The Ukrainian language is currently emerging from a long period of decline. Although there are almost fifty million ethnic Ukrainians worldwide, including 37.5 million in Ukraine (77.8% of the total population), only in western Ukraine is the Ukrainian language prevalent. In Kiev, both languages are spoken, a notable shift from Russian occurring due to an influx of migrants from the western regions after the independence. In northern and central Ukraine, Russian is the language of the urban population, while in rural areas Ukrainian is much more common. This is also true of much of the south and the east. In the Crimea Ukrainian is almost absent. Use of the Ukrainian language in Ukraine can be expected to increase, as the rural population of Ukraine (still overwhelmingly Ukrainophone) migrates into the cities and the Ukrainian language enters into wider use in central Ukraine. On the other hand, the vocabulary of Ukrainian is still limited and is not as extensive as that of more developed languages, like English, German or Russian. This can largely be attributed to the lack of a prolonged period of encouraged development. As a result, not as many linguists, poets and writers extended the vocabulary of the literary language.
Several modern dialects of Ukrainian exist:
- Ukrainian proper (spoken in the central part of the nation, and around Kyiv).
- A mix of Ukrainian and Russian, with varying proportions, spoken in some rural regions of the east, south and center. This is commonly referred to as "Surzhyk".
- Galician, in the region of the Carpathian Mountains, several sub-dialects developed in areas under the influence of different languages (Polish, Czech, and Slovak). The linguistic differences are minor, but those of identity remain serious.
Ukrainian is also spoken by a large emigre population, particularly in Canada. The founders of this population primarily emigrated from Galicia that used to be part of Austria-Hungary before World War I and between the World Wars belonged to Poland. Their vocabulary reflects somewhat less russification than the modern language of independent Ukraine — for "store/shop" they might prefer kramnytsya (cf. Polish kramarz, orig. German) to mahazyn (cf. Russ. magazin, orig. French), whereas in Ukraine mahazyn is much more common and kramnytsya somewhat self-conscious.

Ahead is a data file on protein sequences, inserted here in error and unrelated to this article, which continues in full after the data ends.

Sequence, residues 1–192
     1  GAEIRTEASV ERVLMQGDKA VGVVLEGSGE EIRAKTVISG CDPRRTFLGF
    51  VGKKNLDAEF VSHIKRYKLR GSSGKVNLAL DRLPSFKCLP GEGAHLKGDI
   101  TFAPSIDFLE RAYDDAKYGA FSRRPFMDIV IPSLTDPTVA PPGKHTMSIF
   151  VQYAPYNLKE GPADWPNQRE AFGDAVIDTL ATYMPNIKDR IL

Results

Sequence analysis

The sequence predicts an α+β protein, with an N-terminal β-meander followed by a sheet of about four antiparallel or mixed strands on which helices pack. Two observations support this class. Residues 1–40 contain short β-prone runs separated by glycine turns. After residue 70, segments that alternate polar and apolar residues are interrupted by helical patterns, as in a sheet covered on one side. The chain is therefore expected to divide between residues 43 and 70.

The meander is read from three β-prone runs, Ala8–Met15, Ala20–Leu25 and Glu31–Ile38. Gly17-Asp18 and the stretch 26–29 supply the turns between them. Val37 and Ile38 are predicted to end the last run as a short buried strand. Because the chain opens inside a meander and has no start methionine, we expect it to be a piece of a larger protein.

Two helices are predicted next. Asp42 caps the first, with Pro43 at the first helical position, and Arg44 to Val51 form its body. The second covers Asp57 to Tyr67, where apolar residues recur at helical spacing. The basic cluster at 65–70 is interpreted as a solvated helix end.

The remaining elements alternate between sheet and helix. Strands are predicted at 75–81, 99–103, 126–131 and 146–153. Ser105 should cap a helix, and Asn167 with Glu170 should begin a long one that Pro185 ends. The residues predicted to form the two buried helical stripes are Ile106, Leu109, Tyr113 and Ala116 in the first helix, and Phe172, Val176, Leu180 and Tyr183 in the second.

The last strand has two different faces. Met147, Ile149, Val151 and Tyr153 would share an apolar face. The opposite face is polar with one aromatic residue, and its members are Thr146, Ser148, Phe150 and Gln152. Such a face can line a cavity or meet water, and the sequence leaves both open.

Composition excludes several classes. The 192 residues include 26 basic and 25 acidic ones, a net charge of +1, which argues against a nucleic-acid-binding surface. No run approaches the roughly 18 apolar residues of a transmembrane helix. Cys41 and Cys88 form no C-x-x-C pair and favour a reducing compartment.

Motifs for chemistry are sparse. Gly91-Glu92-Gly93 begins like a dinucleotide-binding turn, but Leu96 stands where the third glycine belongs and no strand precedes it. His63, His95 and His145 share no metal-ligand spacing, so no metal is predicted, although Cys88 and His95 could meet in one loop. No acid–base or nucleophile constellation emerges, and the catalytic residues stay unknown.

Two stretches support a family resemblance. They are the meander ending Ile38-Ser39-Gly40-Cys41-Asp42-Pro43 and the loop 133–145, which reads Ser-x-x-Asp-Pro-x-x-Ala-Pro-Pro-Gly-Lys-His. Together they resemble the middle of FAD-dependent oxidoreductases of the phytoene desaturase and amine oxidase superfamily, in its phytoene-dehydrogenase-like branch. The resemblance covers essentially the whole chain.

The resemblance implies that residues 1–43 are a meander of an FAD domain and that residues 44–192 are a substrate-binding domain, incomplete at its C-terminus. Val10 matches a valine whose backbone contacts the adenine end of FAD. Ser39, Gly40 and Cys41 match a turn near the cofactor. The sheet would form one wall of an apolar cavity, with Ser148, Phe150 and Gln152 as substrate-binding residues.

The Ukrainian language has six vowels (a, e, i, y, o, u) and one semi-vowel j. The combination of j with some of the vowels is represented by a single letter (ja = я, je = є, ji = ї, ju = ю). jo and jy are written using two letters (jy is used in certain dialects only).
Most of the consonants come in 3 forms: hard, soft (palatalized) and long, for example, l, lj, ll or n, nj, nn. In writing the vowels change the preceding consonant from hard to soft or vice versa. In special cases, for example, at the end of the word a special soft sign is used to indicate that the consonant is soft. An apostrophe is used to indicate the hardness of the sound in the cases when normally the vowel would change the consonant to soft. The letter is repeated to indicate that the sound is long. Ukrainians tend to pronounce long sounds where the letters are doubled in other language, English or Russian, for example.
Sounds dz and dzh do not have dedicated letters in the alphabet and are rendered with two letters (дз and дж). Yet, they are single sounds rather than two sounds d z and d zh, pronounced separately. dzh is like English g in huge, dz is pronounced like ds in pods.
The Ukrainian alphabet is almost phonetic with the exception of the three sounds that do not have dedicated letters and complex but intuitive (for a native) rules of the change of softness or hardness of the consonants by the following vowels.
Ukrainian language has 5 tenses:
- present: читає
- past: читав
- pre-past: був читав
- future complex: буде читати
- future simple: читатиме
All verbs in Ukrainian fall in either of two categories: perfect or imperfect. In order to express the idea that the action is finished one has to use a perfect verb, an imperfect verb does not have a perfect form and vice versa.
For example, the verb pysaty (write) is an imperfect verb. For the perfect form there exist a number of related verbs each expressing slightly different aspect of have written : napysaty, zapysaty, perepysaty, prypysaty, dopysaty, spysaty, etc.
In the present and future tenses, verbs are conjugated according to the person and number. Like in Russian, however, the past tense does not indicate the person, but instead gender.
- Ukrainian alphabet
- Romanization of Ukrainian describes systems of representing Ukrainian language using the Latin alphabet.
- Orest Subtelny. Ukraine: A History. Toronto: University of Toronto Press, 1988. ISBN 0-8020-5809-6.
- Ukrainian dictionary (from/to English, Russian, Belarusian, Polish)
- Free Ukrainian translation
- Ukrainian Language Online Course
- Ukrainian Language Online Resources: Language Profile, Dictionaries, Grammar and Language History
- Radio Canada International daily Ukrainian language news broadcasts and transcripts
- Ukrainian–English Dictionary
- Dialects of Ukrainian language
- Ethnologue report for Ukrainian